The Lost & Found Friday column networks displaced pets from Ohio areas north of Columbus. To see pets lost and found all throughout the state of Ohio, please visit Lost & Found Ohio Pets on Facebook.
Please be sure to view the photos and details in the list attached to each article.
If you have lost your pet or found a stray animal, please contact the Cleveland Pets Examiner or Lost & Found Ohio Pets with all of the information. The more information the better! Be sure to include date missing, area last seen, pet’s name – age – breed – and other distinguishing characteristics. Don't forget to provide contact information and a photo.
This week: Summit County license campaign underway
If you follow the Cleveland Pets Examiner, you have read about the importance of licensing your dog. Unfortunately, many dog owners are still choosing to ignore the law, putting their dogs at unnecessary risk. A dog license is your dog's ticket home if it gets lost. It not only protects your dog if he is picked up by animal control, but the license fee funds the County kennel and helps care for the dogs that are not as lucky.
Summit County has begun a license campaign to try to get dog owners to comply with Ohio law. Workers are going door-to-door in Stow, Macedonia, Akron, Cuyahoga Falls, Hudson, Green, and Springfield Township and hanging door flyers with information about registering.
An estimated 133,000 dogs live in Summit County, but this year, the County reports that only 38,000 licenses have been sold. Some dog owners think that a license is an unnecessary expense. Some think that their dogs will never get lost; but 1 in 3 dogs will go missing during their lifetime. Being licensed ensures that if they are picked up by animal control their owner can be found. When 3 to 4 million pets are killed in shelters across the U.S. every year, the cost of a license is a small price to pay to keep your pet from being one of them! Additionally, the funds collected for licensing are used to operate the County Kennel. Animals in underfunded kennels are euthanised in greater numbers, because there's not enough money to care for them.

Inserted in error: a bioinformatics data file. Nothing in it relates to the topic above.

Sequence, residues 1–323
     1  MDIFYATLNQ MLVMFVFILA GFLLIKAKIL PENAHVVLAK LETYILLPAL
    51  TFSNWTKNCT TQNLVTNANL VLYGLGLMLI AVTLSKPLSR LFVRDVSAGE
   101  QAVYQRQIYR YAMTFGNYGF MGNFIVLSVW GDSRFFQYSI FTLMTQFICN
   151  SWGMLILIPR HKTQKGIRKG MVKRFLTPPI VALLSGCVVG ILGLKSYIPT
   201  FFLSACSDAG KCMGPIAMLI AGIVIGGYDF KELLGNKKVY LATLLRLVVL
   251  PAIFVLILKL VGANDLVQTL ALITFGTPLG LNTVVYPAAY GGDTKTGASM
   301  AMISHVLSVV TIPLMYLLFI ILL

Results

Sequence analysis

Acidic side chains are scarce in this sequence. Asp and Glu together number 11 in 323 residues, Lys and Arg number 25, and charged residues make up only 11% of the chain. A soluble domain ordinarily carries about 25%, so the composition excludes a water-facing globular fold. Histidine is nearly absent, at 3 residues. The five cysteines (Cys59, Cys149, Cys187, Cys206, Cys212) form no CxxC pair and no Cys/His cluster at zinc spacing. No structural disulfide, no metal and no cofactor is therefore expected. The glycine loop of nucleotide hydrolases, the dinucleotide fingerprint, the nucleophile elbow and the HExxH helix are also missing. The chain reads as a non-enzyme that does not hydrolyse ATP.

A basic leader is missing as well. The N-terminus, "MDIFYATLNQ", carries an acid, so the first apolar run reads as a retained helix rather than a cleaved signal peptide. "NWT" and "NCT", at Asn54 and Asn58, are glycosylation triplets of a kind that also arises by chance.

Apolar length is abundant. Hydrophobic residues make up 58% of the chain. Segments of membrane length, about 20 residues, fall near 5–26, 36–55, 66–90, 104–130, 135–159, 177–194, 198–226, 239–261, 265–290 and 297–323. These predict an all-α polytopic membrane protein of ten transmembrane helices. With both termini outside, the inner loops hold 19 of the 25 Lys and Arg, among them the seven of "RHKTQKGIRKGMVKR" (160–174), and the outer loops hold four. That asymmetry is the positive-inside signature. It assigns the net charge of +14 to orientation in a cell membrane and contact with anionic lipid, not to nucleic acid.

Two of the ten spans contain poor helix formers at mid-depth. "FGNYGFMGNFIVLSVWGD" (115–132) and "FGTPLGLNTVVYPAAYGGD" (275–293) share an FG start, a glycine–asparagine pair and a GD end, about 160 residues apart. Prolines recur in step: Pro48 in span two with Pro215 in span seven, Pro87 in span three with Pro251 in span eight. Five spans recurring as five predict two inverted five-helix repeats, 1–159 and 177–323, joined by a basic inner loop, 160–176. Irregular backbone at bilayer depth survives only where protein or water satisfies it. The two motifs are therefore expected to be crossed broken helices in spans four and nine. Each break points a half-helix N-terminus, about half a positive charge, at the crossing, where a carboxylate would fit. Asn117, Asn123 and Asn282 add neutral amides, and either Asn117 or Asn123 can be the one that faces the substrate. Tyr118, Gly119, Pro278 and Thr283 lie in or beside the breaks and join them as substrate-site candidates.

All dogs are required to have a new license by January 31 every year, and can be fined double the cost of the license if it is purchased after the deadline. Summit County is waiving the fine for people who follow the instructions on the door flyers and license their pets now.
A dog license is an easy way to increase the chances of reclaiming a lost pet.
Please be sure to view past Lost & Found Friday articles for a host of great tips for finding your lost pet.
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The Cleveland Pets examiner covers news from Akron, Canton, Cleveland, Elyria, Grafton, Hudson, Kent, Lorain, Medina, Mentor, Ravenna, and all of the Cleveland suburbs. Please send your Greater Cleveland pet news to: firstname.lastname@example.org.
To view all recent articles, simply click Ariel Wulff highlighted in blue at the top of this article - a full listing of articles will be shown. You can also follow Wulff on Twitter @yelodoggie